A former Bank of Canada executive told the Canada-China Friendship Society of Ottawa that the Trudeau government should be more friendly towards China.
Mark Kruger, who held several senior positions within the central bank, went on to say that "I think [China] will succeed," according to Blacklock's Reporter.
"The likelihood of them succeeding is, I think, great ... If I had to gamble, if I had to put my money down, if I had to wager, I wager they will make it."
Kruger did not make any mention of specific human rights violations—namely, Canada's missing Michaels and the ongoing Uyghur persecution—but he did say that if Canada wanted "to influence China on human rights I think it is a very long process."
"It’s a very long process of beginning to see things, first of all, from the Chinese side," he added generously.
"We’re best off acting somehow from a situation of friendship rather than a situation of confrontation, because you know when it comes right down to it, the Chinese can just ignore us, right?"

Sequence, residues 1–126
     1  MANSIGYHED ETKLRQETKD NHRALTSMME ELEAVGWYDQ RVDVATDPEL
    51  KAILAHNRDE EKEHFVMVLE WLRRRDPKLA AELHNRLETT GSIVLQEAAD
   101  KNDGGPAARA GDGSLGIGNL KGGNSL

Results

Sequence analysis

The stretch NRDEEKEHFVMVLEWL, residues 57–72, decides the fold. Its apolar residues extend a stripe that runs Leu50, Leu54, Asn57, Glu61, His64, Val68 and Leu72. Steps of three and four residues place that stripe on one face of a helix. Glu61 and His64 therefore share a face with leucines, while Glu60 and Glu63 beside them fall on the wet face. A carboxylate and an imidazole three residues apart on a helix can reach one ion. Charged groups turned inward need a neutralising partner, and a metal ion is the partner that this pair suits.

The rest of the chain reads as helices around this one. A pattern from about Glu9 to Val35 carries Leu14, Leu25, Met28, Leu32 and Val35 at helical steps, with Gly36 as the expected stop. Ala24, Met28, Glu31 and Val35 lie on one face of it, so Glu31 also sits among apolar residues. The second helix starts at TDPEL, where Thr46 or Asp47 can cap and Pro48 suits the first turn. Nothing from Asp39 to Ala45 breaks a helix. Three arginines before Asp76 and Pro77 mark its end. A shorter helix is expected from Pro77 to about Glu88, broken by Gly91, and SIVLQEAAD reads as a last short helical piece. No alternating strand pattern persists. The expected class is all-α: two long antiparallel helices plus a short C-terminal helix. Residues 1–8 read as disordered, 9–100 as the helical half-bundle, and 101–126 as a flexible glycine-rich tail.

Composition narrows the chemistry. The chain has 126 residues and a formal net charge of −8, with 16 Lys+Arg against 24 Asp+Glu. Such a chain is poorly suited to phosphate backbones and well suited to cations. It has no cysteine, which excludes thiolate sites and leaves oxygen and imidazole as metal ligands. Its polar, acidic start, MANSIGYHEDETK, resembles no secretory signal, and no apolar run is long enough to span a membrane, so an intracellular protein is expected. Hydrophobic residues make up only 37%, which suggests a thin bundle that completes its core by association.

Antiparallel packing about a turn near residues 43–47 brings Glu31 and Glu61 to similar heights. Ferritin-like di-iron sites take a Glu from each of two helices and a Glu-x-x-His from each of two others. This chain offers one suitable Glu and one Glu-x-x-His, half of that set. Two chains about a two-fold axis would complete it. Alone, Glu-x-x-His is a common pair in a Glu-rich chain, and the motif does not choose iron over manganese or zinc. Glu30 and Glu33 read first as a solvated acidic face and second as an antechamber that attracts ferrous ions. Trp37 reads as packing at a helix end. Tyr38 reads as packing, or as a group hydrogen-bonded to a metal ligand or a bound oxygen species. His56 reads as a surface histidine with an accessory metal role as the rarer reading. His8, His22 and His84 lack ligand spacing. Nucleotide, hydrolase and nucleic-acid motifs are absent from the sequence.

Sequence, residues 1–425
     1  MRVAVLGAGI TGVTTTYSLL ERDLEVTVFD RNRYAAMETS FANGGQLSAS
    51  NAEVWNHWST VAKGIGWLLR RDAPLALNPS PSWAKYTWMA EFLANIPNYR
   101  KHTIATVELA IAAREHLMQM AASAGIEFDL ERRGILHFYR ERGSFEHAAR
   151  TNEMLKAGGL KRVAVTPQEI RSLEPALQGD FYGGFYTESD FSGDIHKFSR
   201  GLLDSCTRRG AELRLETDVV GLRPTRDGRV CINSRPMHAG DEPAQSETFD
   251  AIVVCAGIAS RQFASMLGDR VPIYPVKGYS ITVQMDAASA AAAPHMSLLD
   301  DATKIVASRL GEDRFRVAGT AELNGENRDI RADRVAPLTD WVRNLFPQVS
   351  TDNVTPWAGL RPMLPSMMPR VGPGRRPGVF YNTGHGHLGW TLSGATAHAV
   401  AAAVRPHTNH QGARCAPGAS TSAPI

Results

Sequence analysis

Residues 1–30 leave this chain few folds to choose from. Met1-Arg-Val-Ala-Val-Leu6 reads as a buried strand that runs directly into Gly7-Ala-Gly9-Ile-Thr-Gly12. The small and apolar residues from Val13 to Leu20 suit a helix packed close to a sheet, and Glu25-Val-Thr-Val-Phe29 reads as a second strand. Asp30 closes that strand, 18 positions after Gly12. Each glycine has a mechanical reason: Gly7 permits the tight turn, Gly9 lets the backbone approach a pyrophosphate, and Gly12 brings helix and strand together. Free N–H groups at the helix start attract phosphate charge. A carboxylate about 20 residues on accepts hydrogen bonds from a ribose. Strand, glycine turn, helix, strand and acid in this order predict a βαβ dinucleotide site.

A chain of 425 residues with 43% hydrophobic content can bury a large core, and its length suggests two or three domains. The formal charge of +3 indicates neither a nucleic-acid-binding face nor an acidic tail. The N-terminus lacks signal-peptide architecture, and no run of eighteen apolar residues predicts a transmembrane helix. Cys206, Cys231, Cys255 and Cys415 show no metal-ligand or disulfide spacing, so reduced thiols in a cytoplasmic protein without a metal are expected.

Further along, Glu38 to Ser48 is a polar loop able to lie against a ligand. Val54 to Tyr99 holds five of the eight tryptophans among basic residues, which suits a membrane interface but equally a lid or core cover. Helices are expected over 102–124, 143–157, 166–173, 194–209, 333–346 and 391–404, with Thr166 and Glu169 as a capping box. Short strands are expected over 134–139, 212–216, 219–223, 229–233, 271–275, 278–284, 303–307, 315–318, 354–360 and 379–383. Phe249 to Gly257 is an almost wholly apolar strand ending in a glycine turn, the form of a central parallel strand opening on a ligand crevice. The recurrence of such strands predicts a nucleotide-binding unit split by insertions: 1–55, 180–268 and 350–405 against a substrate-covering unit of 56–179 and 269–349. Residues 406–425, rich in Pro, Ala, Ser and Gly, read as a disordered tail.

Kruger then went on to offer some insightful thoughts on the outlook of Canadians: "there’s a sense of things being very broken.” Well spotted.
"Talking to friends and family, I think there’s a sense of things being very broken back home ... But in China, there just isn’t that sense. Theirs is much more a sense of optimism and enthusiasm," he added.
In his speech, Kruger did not put this down to Canada's free press and vibrant civil society.
No longer a central banker, Kruger currently serves as a fellow at the University of Alberta's China Institute and an opinion editor for Yicai Global.